Berhanu Nega was once one of Bucknell University’s most popular professors. An Ethiopian exile with a Ph.D. from the New School for Social Research in Manhattan, he taught one of the economics department’s most sought-after electives, African Economic Development. When he wasn’t leading seminars or puttering around his comfortable home in a wooded neighborhood five minutes from the Bucknell campus in rural Lewisburg, Pa., Nega traveled abroad for academic conferences and lectured on human rights at the European Parliament in Brussels.
“He was very much concerned with the relationship between democracy and development,” says John Rickard, an English professor who became one of his close friends. “He argued that you cannot have viable economic development without democratization, and vice versa.” A gregarious and active figure on campus, he rooted for the Philadelphia Eagles and the Cleveland Cavaliers, campaigned door-to-door for Barack Obama in 2008 and was known as one of the best squash players on the Bucknell faculty. He and his wife, an Ethiopian-born optometrist, raised two sons and sent them to top-ranked colleges, the University of Pennsylvania and Carnegie Mellon. On weekends he sometimes hosted dinners for other Bucknell professors and their families, regaling them with stories about Abyssinian culture and history over Ethiopian food he would prepare himself; he imported the spices from Addis Ababa and made the injera, a spongy sourdough bread made of teff flour, by hand.
Nega remained vague about his past. But students curious enough to Google him would discover that the man who stood before them, outlining development policies in sub-Saharan Africa, was in fact intimately involved in the long-running hostility between Ethiopia and neighboring Eritrea, a conflict that has dragged on for half a century. By the start of the millennium, its newest incarnation, a border war over a patch of seemingly worthless ground just 250 square miles in size, devolved into a tense standoff, with the two nations each massing along the border thousands of troops from both official and unofficial armies. One proxy army fighting on the Eritrean side, a group of disaffected Ethiopians called Ginbot 7, was a force that Nega helped create, founding the movement in 2008 with another Ethiopian exile, Andargachew Tsege, in Washington. The Ethiopian government, which had previously detained Nega as a political prisoner for two years in Addis Ababa, now sentenced him to death in absentia. Bucknell students who did learn about their teacher’s past were thrilled. “It made his classes exciting,” Rickard says.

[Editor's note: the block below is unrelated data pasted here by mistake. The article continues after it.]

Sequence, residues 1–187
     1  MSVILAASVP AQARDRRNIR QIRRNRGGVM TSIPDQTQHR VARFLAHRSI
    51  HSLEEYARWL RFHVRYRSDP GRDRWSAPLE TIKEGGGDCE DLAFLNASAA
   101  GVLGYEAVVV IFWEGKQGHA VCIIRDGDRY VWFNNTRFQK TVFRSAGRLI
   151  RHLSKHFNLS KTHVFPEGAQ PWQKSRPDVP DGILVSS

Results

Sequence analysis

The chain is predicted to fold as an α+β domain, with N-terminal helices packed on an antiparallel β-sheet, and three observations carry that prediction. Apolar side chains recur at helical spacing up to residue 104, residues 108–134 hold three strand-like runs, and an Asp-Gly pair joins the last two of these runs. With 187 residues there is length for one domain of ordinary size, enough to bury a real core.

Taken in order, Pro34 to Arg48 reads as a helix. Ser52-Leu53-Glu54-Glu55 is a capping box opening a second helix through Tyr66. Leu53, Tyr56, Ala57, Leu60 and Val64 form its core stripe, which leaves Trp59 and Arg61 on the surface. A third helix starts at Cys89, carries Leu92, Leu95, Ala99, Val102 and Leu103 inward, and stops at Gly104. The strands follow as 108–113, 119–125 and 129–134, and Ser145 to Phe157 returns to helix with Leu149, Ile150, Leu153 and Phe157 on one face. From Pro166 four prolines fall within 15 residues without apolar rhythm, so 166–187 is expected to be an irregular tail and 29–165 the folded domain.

In Ginbot 7, Tsege served as the political leader based in Eritrea; Nega was the group’s intellectual leader and principal fund-raiser, collecting money from members of the Ethiopian diaspora in Europe and the United States. That all changed one day in June 2014, when Tsege, known to everyone as Andy, made a brief stopover in Sanaa, the capital of Yemen, on his way to Asmara, the capital of Eritrea. As he sat in the airport transit lounge, waiting to board his flight, Yemeni security forces, apparently acting in collusion with Ethiopian intelligence, arrested him and put him on a plane to Addis Ababa, where he was paraded on state television and currently faces a death sentence.
Days after Tsege’s arrest and extradition, Nega volunteered to replace him in Eritrea. “Was I going to remain an academic, sitting in an ivory tower criticizing things?” he told me. “Or was I going to do something as an engaged citizen?” Nega put his house up for sale and took an indefinite leave of absence from the university. It was an extended sabbatical, he told his colleagues. Only a handful of close friends, his wife and his two sons knew the truth.
On a hot July afternoon in 2015, Nega packed a suitcase, bade his wife farewell and was driven by comrades to John F. Kennedy International Airport. He carried a laissez-passer ...